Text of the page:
The use of disposable bioprocessing components began with the use of plastic bags designed for buffer preparation and very swiftly moved to disposable bioreactor bags on platforms. Now a considerable range of products for cell culture in upstream and downstream operations of the reactor is available.
A completely disposable bioprocess stream is now thought possible and perhaps will be available in the near future. The challenges ahead are mainly in the areas of biosensors and chromatographic purification. Progress in the use of these disposable systems is on the rise. The ease of use, flexibility, cost savings, and environmental convenience make the shift toward disposable bioprocessing streams virtually unstoppable.
The ability to transition between products and projects without having to go through extensive cleaning and validation protocols is an important advantage that contract manufacturers especially have come to greatly appreciate. Also, the risk of cross-contamination between streams is enormously reduced.
The use of disposable components in bioprocessing also enables manufacturers to quickly scale up their production whenever necessary. For example, with the recent so-called swine flu quasi-pandemic, the need for higher production of flu vaccine at a time of emergency was suddenly painfully evident. Disposable bioprocessing manufacturing components make it possible for a plant to transition from one level of production to another with ease.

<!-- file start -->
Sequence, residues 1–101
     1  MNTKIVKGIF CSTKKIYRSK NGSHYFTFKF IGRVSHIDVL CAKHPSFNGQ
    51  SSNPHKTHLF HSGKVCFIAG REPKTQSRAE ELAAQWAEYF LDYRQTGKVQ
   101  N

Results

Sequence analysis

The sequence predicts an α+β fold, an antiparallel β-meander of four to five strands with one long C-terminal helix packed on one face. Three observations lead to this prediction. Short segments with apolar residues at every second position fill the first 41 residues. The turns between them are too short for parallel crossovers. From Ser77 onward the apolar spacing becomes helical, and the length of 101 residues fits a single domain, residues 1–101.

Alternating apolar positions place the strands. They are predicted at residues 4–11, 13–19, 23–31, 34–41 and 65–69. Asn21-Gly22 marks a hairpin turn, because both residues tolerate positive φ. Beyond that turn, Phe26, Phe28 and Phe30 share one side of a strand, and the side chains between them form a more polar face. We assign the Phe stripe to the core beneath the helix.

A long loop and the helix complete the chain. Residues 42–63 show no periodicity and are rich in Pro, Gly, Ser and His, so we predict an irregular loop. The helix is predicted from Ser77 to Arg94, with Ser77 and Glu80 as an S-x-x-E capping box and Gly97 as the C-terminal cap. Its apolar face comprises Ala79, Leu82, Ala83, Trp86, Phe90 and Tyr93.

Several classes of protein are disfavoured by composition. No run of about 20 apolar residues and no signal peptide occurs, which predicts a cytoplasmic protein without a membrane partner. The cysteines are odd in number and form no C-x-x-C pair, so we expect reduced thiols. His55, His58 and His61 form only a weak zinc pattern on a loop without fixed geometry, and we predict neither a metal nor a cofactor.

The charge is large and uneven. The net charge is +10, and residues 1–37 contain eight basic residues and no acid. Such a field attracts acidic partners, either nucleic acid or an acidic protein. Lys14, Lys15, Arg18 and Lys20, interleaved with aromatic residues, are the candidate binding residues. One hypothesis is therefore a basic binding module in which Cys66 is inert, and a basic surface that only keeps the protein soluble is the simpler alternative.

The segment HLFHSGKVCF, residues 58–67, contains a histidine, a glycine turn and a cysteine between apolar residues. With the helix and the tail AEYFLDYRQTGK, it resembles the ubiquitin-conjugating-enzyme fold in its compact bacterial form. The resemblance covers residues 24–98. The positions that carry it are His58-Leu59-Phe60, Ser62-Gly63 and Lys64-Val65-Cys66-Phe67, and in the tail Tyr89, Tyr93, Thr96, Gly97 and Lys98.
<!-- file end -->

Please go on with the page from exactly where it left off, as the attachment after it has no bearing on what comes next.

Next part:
Pharmaceutical consultancy in these areas has grown by leaps and bounds as more and more manufacturers wish to enable their plants with these new technologies. Medium and small – some boutique-sized – pharmaceutical companies had been blazing the trail in these initiatives for years as they attempted to bridge the gap of competitiveness with big pharma. However, given the recent complexities brought by lower margins in the pharmaceutical market, it is the big pharma firms who are pushing for faster improvements in disposables.
It remains to be seen how much more speed can be put into developments within this year, but it is clear that the lower risk, lower cost, and faster transitions that are possible by adopting the use of these new technologies is already revolutionizing the way pharmaceutical bioprocessing facilities are engineered and how production is planned. We are likely to see an accelerating trend toward smaller facilities with fewer production lines. Utilities at these facilities will be strategically placed so as to allow multiple configurations of storage tanks, reactors, filters, hoses and other common components. The time it will take for a bioprocessing facility to switch from one product to another or from one batch volume to a larger or smaller one, will become shorter and shorter as more disposable components become available. Indeed it seems disposables are here to stay.
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